“I think I have actually called every family of somebody who’s died,” Trump stated, then adding, “practically everyone.” He said it’s his practice both to make phone calls and correspond.
Trump spokesperson Sarah Huckabee Sanders repeated the claim Wednesday, stating the president “has actually reached all of the families that have existed to him through the White House Armed Force Workplace.” She did not state whether that contact always indicated a telephone call, or only a letter, and she did not deal with the specifics of why families of some war dead have actually received neither.
When someone is killed in action, a Pentagon officer notifies near relative and sends details to the White Home office that is validated and assembled. “Once that process is completed, the president or other members of the administration can take part in contact,” she stated.
That process appears to have broken down.
After Army Spc. Christopher Michael Harris, 25, of Jackson Springs, North Carolina, was eliminated in a suicide attack in Afghanistan in August, the White House provided to establish a call however “it failed” and no letter came from the president, either, said his widow, Brittany Harris.
Aaron Butler, a 27-year-old guardsman from Monticello, Utah, was eliminated Aug. 16 at a booby-trapped building in Nangarhar Province, Afghanistan. His mom, Laura Butler, and family representative Costs Boyle said Trump has not called or sent a letter. The family is not complaining. “The family is really mindful that they do not want to be pulled into a partisan slugfest,” Boyle said.
Jodie Missildine’s 20-year-old stepson, Alex Missildine, was eliminated Oct. 1 when an IED exploded near his vehicle in Ninawa Province, Iraq. He had actually remained in Iraq for less than a month.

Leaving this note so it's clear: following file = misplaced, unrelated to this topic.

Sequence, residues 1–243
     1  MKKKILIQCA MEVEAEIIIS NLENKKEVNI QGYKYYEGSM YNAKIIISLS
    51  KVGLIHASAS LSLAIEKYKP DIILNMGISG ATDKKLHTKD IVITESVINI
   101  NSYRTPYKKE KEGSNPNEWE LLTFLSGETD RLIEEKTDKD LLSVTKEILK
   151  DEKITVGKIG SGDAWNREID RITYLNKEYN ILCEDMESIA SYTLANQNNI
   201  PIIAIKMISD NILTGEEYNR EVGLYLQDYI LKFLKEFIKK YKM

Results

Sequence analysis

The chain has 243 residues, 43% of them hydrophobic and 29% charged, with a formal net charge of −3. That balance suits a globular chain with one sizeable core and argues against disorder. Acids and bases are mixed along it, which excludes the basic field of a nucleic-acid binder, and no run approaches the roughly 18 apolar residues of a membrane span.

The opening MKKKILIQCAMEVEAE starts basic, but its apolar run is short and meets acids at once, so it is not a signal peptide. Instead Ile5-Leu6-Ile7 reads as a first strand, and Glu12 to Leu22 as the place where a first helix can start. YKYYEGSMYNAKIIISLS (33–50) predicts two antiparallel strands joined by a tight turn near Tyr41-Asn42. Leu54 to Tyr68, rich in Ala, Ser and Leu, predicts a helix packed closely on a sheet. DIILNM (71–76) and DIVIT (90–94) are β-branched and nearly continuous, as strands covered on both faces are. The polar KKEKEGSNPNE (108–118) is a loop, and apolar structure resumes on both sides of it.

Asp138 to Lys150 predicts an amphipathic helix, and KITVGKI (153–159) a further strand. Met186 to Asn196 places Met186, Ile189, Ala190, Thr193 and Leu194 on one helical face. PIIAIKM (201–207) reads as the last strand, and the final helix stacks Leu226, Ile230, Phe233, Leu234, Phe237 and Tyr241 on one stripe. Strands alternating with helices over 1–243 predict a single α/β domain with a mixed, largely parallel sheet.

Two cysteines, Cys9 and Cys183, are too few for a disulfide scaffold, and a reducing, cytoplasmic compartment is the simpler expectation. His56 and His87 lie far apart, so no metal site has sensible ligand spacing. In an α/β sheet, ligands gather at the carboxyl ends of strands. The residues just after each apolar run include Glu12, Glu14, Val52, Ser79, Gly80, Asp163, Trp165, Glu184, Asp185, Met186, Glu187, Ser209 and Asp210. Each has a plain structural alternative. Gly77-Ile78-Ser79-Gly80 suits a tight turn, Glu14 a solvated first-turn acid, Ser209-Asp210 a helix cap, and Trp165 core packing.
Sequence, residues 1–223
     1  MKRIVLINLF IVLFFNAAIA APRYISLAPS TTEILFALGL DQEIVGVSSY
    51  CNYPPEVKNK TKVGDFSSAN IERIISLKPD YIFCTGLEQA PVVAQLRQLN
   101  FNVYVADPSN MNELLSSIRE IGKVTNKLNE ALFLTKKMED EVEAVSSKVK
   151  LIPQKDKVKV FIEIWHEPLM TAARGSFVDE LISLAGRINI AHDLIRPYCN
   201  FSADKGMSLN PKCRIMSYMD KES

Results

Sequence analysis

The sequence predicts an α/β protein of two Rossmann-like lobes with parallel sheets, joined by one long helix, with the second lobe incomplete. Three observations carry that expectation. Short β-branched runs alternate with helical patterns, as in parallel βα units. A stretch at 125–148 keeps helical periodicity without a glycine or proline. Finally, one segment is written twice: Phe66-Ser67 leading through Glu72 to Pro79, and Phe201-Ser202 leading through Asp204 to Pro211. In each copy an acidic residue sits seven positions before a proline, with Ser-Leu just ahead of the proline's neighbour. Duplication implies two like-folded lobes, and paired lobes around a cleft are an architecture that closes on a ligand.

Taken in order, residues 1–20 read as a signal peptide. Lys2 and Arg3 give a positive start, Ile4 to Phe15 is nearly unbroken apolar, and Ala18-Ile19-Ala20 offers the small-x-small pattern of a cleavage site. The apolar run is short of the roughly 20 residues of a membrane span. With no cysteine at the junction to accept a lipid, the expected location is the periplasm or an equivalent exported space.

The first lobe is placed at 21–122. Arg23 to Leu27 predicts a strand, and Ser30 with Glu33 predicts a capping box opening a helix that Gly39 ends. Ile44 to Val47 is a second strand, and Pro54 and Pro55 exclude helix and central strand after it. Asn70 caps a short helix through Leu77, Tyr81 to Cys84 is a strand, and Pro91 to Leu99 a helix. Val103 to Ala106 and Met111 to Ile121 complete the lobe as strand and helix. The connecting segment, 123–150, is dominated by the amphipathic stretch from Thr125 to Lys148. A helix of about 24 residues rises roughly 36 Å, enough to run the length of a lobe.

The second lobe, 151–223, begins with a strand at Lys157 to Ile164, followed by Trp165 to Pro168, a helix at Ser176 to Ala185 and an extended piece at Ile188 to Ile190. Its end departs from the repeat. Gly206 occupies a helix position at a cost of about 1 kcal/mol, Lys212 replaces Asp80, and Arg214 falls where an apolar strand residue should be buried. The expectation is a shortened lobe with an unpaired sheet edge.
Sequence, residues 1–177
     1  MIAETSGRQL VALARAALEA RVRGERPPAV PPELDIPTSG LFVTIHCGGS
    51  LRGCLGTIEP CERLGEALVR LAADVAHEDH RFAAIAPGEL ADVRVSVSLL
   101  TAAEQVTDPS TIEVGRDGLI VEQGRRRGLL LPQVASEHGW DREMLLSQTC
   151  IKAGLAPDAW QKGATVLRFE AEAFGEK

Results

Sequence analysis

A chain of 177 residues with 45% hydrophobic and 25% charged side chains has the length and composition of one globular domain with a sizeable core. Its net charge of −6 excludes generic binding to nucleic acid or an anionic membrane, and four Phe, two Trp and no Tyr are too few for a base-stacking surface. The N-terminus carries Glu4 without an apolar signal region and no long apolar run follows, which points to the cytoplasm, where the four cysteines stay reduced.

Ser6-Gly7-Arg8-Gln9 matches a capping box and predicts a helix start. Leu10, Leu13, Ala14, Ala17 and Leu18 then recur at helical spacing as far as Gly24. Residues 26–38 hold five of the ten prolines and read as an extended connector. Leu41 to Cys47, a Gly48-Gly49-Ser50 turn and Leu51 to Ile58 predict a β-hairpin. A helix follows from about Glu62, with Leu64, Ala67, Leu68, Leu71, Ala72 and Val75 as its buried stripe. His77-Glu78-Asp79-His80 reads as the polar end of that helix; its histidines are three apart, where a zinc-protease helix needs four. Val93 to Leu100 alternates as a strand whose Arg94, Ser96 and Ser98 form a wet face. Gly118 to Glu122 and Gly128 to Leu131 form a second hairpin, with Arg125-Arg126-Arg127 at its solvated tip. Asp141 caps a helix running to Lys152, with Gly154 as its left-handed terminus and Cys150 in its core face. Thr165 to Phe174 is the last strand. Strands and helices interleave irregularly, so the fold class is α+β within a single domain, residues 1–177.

Jodie Missildine said the family had actually received a profusion of support from Washington because receiving news of Alex’s death. However when asked if Trump had actually been in contact, she demurred, saying, “We will not speak ill of a president who loves his troops.”
In his claims, Trump made no distinction in between fight and non-combat deaths. Past practice recommends that those who die battling are most likely than military-accident victims to trigger a president to reach out personally to the household.
After U.S. Army Specialist Isiah Booker died Jan. 7 in Jordan, obviously when operating heavy construction devices, President Barack Obama did not call. Neither did Trump after he took workplace that month. Chereisa Booker, of Schertz, Texas, said Trump had actually taken office by the time a condolence letter was processed and she and her husband received the letter. They also asked for and got one from Obama. However no calls.
Booker said “not truly” when asked if she wanted to speak with Trump. However Sheila Murphy did after her son, Army Spc. Etienne J. Murphy, 22, died May 26 after an armored lorry he was riding in rolled over in Syria.
“Since it was non-combat, I feel like possibly he believed it was a mishap, it does not matter,” Sheila Murphy said of Trump. “However my boy remained in Syria.” She states she’s waited in vain for a letter, after composing to Trump 6 weeks ago to tell him she was still deeply grieving.